I first reviewed my classic literature collection for information regarding the evolution of surface piercing propellers. Copy from the propeller section of a 1972 Hi-Performance Mercury/MerCruiser Accessories catalog references our change from bronze to stainless steel that year. I sent Dick Snyder an e-mail to get his input regarding racing propeller history.
Dick Snyder was in charge of Mercury’s propeller engineering in the early ’60s. “When I took over prop engineering in the early ’60s, I had inherited nothing but low rake (6 degree), 2-bladed props. We had no racing or hi-performance props. “There soon came a time when I fell in love with 15 degrees of rake and 3-bladed props for the added smoothness and a little better acceleration. You typically would lose a small amount of top-end going from a 2-blade to 3-blade prop. The higher 15-degree rake allowed the props to “hold” at greater trim angles for enhanced bow lift and greater hull efficiency. This resulted with even greater top-end speeds than the lower rake 2-blade props,” Dick explained. In 1984, Dick was promoted to Director of Mercury Hi-Performance. So he promoted Bob Hetzel to run Mercury’s racing prop and gearcase shop. “We had quite an interesting development of stainless steel props for racing, followed by replacing bronze for stainless steel on our recreational props,” said Dick.
Bob has seen it all when it comes to propellers. Bob Hetzel retired from Mercury Racing in 2003 with 46 years of service; I gave him a call to catch up and get his input on prop history. Bob explained the first two and three-blade props were commonly referred to as “elephant ears” due to their rounded blade tips. These early stainless steel props were first developed for the 100 h.p. in-line six cylinder Mercury outboard. The progression from two to three blade props came out of tunnel boat racing. “We first started with low-rake props, higher rakes came later. The Team drivers were complaining about the stern of their boats getting loose in rough water races. We added a third blade which sucked the stern into the water. This greatly improved handling in rough conditions,” said Bob. Bob couldn’t say for sure, but he thought the cleaver design was first developed in Italy. In 1995, Bob moved from Mercury’s Plant 38 in Oshkosh to the newly expanded Plant 36 in Fond du Lac shortly after the merger of Kiekhaefer Aeromarine with Mercury Performance Products.
“With Brunswick’s 1990 acquisition of Kiekhaefer Aeromarine, we had to sort through both propeller lines to see what we all had. We checked each others products, manufacturing methods, etc. We came to the former Kiekhaefer facility with two prop lines. They had a much better infrastructure for making props. Their sterndrive cleavers were much better than ours. We had just started development of a 4-blade cleaver at the time of the acquisition. They were making three, four and five blade cleavers. It was obvious which line of sterndrive props we were going to keep,” said Bob. Fred Kiekhaefer added, “Mercury brought a wide offering outboard racing propellers to the party. We had none. Mercury also had a talented pool of racing prop technicians — and Bob! He has such a breadth of application experience. Guiding this critical aspect of our business through the merger was uplifting. Watching folks with their differing perspectives (but mutual respect) sift through one another’s products – thinking, learning and agreeing on winners and losers – confirms the value of genuine teamwork.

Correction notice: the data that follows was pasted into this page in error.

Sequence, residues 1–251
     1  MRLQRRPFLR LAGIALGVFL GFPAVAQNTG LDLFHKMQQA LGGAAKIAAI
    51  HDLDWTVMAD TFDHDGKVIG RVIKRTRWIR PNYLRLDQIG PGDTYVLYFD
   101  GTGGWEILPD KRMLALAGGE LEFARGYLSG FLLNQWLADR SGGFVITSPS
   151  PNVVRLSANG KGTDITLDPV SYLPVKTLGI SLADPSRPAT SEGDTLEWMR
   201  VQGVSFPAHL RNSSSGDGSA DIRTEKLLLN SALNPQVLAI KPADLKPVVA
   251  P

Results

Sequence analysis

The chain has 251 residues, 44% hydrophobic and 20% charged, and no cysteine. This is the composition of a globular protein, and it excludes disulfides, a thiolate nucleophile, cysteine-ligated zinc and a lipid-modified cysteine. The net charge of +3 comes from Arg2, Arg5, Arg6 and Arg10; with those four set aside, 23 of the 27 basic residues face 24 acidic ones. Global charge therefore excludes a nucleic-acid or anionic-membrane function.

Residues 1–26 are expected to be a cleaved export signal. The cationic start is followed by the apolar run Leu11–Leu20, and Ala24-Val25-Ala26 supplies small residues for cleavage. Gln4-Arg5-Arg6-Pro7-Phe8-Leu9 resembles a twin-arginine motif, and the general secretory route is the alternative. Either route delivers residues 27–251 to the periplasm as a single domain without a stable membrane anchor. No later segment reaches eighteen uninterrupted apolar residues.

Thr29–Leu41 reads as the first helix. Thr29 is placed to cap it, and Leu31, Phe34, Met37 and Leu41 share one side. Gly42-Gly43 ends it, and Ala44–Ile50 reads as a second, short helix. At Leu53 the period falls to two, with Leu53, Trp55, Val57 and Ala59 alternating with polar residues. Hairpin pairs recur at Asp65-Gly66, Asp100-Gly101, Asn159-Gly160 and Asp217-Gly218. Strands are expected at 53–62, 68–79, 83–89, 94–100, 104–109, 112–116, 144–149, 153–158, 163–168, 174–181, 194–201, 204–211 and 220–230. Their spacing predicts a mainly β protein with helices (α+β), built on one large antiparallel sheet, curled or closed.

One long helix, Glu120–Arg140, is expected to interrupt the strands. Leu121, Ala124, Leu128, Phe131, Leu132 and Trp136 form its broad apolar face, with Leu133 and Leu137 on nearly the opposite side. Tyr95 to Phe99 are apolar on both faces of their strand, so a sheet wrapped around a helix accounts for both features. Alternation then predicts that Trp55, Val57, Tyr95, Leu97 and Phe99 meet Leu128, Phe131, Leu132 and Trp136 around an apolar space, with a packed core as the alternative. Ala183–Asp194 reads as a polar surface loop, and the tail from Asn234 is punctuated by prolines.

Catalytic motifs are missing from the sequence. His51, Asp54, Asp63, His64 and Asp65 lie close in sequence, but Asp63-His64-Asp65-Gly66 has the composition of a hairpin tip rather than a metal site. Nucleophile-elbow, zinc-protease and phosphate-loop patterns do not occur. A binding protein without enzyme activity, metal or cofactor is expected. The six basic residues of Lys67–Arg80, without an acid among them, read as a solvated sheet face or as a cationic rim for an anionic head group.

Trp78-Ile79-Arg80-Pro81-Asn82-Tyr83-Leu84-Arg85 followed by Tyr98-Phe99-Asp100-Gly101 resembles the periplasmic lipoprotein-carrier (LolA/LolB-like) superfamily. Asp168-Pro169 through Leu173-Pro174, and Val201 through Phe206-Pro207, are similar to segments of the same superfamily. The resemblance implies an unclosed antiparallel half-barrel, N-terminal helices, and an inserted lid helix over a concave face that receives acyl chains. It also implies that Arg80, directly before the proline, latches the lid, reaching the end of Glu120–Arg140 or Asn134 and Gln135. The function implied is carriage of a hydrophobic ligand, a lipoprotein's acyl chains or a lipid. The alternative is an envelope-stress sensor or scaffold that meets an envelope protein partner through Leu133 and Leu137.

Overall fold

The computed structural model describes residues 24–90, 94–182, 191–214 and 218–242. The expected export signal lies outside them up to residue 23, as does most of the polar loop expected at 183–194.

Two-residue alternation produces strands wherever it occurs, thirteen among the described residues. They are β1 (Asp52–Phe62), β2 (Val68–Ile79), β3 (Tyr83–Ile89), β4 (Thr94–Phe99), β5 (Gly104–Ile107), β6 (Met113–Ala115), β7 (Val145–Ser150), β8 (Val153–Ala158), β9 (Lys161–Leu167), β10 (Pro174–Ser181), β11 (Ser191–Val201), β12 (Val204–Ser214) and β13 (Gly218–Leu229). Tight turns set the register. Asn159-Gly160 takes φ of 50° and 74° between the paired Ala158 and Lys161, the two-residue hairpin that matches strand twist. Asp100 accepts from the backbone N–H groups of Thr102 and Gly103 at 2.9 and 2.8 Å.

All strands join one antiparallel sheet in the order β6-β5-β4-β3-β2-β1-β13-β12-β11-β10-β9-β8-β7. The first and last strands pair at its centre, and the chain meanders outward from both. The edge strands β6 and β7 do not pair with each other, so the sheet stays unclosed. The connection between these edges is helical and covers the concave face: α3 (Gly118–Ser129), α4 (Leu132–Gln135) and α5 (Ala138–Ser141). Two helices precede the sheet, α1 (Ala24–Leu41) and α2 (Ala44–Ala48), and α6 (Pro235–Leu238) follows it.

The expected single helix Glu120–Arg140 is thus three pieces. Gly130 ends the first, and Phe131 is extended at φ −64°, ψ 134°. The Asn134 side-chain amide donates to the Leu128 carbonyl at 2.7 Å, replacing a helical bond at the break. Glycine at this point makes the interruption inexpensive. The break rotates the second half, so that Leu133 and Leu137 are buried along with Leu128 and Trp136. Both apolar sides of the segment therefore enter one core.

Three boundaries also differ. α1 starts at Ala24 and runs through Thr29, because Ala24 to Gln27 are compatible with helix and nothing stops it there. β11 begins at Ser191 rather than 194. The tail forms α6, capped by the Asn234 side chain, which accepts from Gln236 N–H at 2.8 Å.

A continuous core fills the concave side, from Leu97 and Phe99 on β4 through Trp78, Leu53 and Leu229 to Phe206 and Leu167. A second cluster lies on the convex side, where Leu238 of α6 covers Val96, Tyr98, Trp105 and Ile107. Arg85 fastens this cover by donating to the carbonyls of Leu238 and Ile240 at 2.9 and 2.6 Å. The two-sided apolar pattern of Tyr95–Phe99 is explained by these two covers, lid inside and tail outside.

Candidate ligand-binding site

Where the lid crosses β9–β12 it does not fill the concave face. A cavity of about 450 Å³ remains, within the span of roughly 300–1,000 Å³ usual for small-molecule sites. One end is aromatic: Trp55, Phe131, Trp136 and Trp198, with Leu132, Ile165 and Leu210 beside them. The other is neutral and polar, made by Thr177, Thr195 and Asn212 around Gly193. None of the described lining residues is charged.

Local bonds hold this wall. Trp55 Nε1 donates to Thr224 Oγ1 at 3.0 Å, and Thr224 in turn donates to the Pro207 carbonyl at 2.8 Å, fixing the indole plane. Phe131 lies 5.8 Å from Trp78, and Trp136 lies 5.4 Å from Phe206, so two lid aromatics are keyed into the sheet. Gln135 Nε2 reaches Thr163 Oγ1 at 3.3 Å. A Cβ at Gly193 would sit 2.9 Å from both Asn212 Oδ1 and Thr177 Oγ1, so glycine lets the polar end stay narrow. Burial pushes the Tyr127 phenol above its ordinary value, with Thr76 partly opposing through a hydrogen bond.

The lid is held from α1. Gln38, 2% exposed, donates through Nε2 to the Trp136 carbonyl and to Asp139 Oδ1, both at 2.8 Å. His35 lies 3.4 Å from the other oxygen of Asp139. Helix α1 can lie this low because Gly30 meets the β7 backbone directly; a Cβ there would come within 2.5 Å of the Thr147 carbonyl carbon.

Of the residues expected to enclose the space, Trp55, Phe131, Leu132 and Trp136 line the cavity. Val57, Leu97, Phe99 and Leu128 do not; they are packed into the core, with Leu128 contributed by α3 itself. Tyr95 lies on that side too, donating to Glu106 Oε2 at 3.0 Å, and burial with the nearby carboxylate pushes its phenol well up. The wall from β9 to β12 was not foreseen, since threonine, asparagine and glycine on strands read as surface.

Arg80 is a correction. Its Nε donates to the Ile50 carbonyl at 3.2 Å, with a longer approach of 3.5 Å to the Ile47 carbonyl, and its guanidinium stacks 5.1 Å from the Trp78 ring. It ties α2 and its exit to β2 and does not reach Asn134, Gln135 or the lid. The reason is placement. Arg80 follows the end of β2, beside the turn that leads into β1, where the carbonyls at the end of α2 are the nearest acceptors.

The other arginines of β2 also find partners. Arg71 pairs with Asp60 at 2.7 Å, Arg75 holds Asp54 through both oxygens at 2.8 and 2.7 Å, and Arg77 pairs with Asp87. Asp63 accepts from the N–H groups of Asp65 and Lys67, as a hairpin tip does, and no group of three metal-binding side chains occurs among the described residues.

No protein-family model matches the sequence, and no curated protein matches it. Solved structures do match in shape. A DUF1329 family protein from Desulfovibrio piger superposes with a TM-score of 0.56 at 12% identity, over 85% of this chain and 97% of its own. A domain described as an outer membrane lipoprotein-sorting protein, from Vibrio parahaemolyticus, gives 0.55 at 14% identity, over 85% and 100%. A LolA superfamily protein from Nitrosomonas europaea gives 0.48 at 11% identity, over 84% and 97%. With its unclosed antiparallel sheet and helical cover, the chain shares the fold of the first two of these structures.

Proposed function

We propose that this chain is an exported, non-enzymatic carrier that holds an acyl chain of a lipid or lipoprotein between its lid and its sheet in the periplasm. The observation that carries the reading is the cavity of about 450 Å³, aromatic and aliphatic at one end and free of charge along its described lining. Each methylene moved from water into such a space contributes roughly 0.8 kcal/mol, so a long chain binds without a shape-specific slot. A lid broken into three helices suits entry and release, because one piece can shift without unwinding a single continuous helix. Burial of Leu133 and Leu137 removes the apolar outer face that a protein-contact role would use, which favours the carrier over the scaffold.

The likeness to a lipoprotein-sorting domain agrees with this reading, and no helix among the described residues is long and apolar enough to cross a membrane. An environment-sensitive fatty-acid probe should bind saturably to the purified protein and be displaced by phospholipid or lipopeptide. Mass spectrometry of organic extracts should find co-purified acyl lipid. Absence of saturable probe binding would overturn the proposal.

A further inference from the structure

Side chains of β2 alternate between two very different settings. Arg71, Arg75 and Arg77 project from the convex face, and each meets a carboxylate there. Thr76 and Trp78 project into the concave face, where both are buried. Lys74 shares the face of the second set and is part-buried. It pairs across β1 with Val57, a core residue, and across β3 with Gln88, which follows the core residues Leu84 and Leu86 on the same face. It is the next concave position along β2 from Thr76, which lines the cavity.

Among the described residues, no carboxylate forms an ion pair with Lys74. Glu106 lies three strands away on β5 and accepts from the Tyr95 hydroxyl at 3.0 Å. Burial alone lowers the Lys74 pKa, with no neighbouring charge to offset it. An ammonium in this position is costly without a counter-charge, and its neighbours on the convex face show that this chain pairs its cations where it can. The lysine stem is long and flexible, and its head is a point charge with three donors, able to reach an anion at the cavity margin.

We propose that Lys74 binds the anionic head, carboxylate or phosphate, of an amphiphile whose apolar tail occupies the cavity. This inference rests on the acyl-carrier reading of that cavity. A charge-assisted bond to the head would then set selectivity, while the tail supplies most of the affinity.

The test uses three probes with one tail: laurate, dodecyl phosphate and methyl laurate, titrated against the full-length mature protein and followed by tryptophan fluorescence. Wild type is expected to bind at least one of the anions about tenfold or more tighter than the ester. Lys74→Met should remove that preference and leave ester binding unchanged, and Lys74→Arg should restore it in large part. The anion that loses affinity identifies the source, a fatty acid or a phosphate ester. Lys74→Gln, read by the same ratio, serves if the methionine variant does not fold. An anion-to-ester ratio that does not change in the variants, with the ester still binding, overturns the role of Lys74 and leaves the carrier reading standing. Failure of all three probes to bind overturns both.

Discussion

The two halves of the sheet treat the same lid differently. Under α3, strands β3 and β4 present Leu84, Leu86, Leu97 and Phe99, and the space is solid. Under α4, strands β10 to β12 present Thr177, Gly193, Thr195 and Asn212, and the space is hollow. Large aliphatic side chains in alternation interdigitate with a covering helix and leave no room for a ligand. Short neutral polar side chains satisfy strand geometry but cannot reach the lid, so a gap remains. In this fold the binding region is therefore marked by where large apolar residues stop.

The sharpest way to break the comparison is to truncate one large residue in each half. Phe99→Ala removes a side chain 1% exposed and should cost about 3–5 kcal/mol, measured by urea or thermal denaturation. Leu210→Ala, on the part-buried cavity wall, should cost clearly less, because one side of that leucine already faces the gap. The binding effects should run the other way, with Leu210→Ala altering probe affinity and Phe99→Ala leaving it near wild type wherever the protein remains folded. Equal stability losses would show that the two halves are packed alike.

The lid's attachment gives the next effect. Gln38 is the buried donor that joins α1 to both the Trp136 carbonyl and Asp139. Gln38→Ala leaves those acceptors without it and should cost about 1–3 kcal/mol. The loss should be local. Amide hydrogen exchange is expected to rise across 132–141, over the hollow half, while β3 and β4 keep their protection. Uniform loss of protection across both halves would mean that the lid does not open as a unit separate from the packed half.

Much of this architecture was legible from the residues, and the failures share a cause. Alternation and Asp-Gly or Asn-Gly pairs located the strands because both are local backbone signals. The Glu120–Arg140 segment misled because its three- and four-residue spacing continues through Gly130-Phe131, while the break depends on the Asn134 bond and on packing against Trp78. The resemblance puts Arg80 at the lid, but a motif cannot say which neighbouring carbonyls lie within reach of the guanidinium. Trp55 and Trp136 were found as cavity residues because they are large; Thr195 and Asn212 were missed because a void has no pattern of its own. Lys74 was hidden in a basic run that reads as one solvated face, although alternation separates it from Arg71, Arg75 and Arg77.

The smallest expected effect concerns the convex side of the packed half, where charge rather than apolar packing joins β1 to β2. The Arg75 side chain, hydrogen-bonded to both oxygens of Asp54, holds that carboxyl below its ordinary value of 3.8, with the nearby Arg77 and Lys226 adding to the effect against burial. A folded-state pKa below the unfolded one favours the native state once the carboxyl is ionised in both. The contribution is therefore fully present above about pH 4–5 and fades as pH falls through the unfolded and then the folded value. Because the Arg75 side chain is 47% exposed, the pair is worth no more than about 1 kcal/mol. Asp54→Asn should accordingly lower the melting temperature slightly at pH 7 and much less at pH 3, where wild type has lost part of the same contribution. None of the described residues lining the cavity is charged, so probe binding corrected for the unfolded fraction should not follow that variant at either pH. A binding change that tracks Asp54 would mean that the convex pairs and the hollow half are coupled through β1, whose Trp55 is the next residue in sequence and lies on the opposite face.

“It’s all the more interesting when one knows why Kiekhaefer Aeromarine got into the prop business in the first place: back in the early 1970’s, my father quit Mercury — the company he founded. (That’s another, long story.) Then, ‘Mr. K’ began making sterndrive components to beef up merCruiser’s for offshore racing. New Mercury management didn’t like that and refused to continue selling him parts – including props. So his pattern maker, Tom Dauterman, was directed to tool three bladed props…but stainless steel cleavers. Later, I acquired that tooling, hired Tom and the prop makers, and expanded the propeller line for surface piercing applications; Tom added more blades, blade thicknesses and rake angles — all within my company. When I sold to Brunswick, we came full circle.”
CNC in the Digital Age
The Kiekhaefer Aeromarine cleavers served us well. But like most things, they had a limited lifespan. The biggest challenge was inconsistency from one prop to another. A left-hand, counter rotation prop would be off in rpm from the right-hand mate. All of this would be addressed prior to leaving our facility, but corrections were labor intensive and a burden to continue. Advancements in multi-axis Computer Numerical Control (CNC) machining provided an opportunity to once again advance the quality and consistency of our high horsepower sterndrive propellers. Our exclusive CNC machining process enables us to produce perfectly matched sets for optimum boat operating efficiency and propeller durability. Our new Pro Finish CNC Cleavers fill the need for durable props that have the stamina to stand up to the big fat monster torque of the 1350 and M8 sterndrive.
This concludes our Virtual Tour series. Thanks for following us along. Please ask questions about this or any of the previous six tour posts.